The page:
Just found this on my e-diary while clearing/cleaning up some old files. Its a musing from some two years ago (written on 2 September 2010 at 11:07 to be precise), I don't recall what prompted me to jot these lines down then, but when I saw these this morning, I thought I might have written these last week or the week before. If you follow the news and happenings from the sub-continent then you'd know why!

When I was growing up in a traditional, yet fairly liberal Bramhin household, I might have looked like a God-fearing child growing up to to be a God-fearing adult. By high-school, most of the religious beliefs instilled in me had washed away. By the time I went to study intermediate in science, and came out of it, I was probably not an atheist, but certainly an agnostic. By the time I finished my undergraduate, I was an atheist too, and have been since. When I think of growing up, hearing about Krishna’s Leela, his misdemeanours since childhood, be it stealing, harassing girls, or later being polygamous, causing war between brothers and what not, it was rather strange to see people worshipping him as a God, a role model. Thankfully I didn’t take that literally, imagine where I would be now if I had! The question that boggles my mind is this: why do we still revere mythical characters like Krishna? What does it say about our own cultural mindset? That it is OK to engage in misdemeanours as long as you also do some good? Although I fail to find what good that mythical character Krishna really did! The most popular caricature of the character still revolves around stealing butter and chasing young pretty girls. So what was the real message his story gave to our societies. That it’s OK to hang out in every gallis and chowks and tease young girls passing by? That minor theft is not to be taken seriously and that its part of growing up?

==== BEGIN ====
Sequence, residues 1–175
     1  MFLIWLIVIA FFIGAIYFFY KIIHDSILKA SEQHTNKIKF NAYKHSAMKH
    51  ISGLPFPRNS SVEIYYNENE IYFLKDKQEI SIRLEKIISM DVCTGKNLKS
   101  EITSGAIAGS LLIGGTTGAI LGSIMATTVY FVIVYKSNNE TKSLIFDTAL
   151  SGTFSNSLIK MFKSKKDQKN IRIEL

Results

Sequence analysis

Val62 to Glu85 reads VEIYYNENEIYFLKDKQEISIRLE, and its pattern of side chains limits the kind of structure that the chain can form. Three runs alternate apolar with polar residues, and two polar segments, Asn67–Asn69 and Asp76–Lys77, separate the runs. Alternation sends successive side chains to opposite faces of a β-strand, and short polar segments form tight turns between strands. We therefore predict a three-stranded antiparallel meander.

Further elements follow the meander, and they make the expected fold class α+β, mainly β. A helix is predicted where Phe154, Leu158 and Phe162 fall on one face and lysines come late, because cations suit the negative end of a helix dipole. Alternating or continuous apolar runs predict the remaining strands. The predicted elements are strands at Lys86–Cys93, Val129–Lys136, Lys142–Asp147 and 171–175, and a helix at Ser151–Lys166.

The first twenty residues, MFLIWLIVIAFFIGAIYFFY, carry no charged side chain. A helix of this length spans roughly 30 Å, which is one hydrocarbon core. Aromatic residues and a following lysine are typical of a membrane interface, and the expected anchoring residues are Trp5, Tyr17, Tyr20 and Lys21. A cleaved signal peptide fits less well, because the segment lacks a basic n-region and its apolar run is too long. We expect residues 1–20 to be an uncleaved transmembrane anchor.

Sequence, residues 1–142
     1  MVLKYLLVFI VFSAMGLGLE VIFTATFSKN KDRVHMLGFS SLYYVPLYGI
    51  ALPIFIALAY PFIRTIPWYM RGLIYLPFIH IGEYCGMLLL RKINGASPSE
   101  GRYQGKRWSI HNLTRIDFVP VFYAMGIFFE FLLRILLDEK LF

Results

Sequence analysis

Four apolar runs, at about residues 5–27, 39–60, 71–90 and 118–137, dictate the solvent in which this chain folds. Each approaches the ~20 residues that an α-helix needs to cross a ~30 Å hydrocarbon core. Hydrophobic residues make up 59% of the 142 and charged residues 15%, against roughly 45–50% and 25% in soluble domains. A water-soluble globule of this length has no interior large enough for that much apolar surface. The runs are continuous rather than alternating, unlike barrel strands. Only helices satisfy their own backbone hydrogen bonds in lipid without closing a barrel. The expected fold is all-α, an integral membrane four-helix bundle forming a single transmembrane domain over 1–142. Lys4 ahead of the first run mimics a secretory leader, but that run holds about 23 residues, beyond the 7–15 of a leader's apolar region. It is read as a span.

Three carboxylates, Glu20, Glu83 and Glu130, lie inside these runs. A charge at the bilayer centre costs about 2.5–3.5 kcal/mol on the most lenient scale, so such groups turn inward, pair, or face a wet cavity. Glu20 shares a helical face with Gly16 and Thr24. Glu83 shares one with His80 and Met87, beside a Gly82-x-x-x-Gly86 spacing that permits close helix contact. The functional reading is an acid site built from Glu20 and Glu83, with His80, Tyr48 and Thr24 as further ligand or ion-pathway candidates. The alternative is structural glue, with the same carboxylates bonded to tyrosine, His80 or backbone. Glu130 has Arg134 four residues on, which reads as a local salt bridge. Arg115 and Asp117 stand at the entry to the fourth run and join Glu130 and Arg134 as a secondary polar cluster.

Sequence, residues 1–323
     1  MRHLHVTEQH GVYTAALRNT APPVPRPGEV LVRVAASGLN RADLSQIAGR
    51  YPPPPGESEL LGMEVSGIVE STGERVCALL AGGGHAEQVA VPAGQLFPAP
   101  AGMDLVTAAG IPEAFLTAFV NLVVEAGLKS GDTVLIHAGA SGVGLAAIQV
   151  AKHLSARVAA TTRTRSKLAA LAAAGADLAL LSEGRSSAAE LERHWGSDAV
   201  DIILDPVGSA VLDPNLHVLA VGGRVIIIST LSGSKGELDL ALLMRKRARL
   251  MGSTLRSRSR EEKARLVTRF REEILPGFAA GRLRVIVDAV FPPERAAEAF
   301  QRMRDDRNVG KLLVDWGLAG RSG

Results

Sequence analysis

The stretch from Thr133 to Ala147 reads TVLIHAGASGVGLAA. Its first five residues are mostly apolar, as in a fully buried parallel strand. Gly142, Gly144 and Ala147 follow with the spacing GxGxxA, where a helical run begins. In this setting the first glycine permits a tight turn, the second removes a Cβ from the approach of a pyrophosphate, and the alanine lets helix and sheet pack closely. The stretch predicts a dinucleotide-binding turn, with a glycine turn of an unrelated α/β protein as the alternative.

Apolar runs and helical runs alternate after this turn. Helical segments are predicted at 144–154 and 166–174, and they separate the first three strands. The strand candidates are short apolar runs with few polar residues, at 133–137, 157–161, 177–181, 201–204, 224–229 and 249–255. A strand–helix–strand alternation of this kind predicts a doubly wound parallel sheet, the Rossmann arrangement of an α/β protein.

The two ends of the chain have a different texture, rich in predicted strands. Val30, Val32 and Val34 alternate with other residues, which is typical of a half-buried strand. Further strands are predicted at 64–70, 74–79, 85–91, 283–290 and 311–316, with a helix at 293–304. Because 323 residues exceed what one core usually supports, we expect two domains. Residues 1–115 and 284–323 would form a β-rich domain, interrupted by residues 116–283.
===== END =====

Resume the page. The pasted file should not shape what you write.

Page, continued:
Even in this era of social networks and real-time interaction options with friends faraway, I still find myself struggling to keep in touch with those I would really like to. It's either email OR the (often hopeless) hope that they follow you on twitter and respond. The first option I'm not very well known for making good use of, while the second many of my friends don't seem to be making use of! There is something called Facebook but that seems to be for those with lots of time for such things. Anyway, in a long-winded way, what I am trying to say is I am not particularly good at keeping in touch or at using the most populous social network. Nonetheless, once in a while I do think of friends, particularly those who live faraway and with whom the only way of communicating is via these online technologies.

As the title of this post suggests, the Witts are in my thought tonight, and the first part of the title gives you the clue as to what triggered it! In fact I even googled the recipe for my own red kidney beans with garlic and ginger (which I remember the Witts had on their website) to make it exactly the way i used to when I was living in Vancouver. Sadly, I couldn't find it, or should I say the mighty google couldn't locate it, not even on its cache! Anyway, although it might have varied slightly from my Vancouver version, I am preparing red kidney beans with garlic and ginger tonight, and hoping it goes nicely with whole wheat chapatis (or tortilla if you will). And of course I'll be thinking of the Witts and the potlucks we used to have at theirs in my Vancouver era living! This one to you Mr Witt & family, I hope all is well across the pond and beyond the mountains!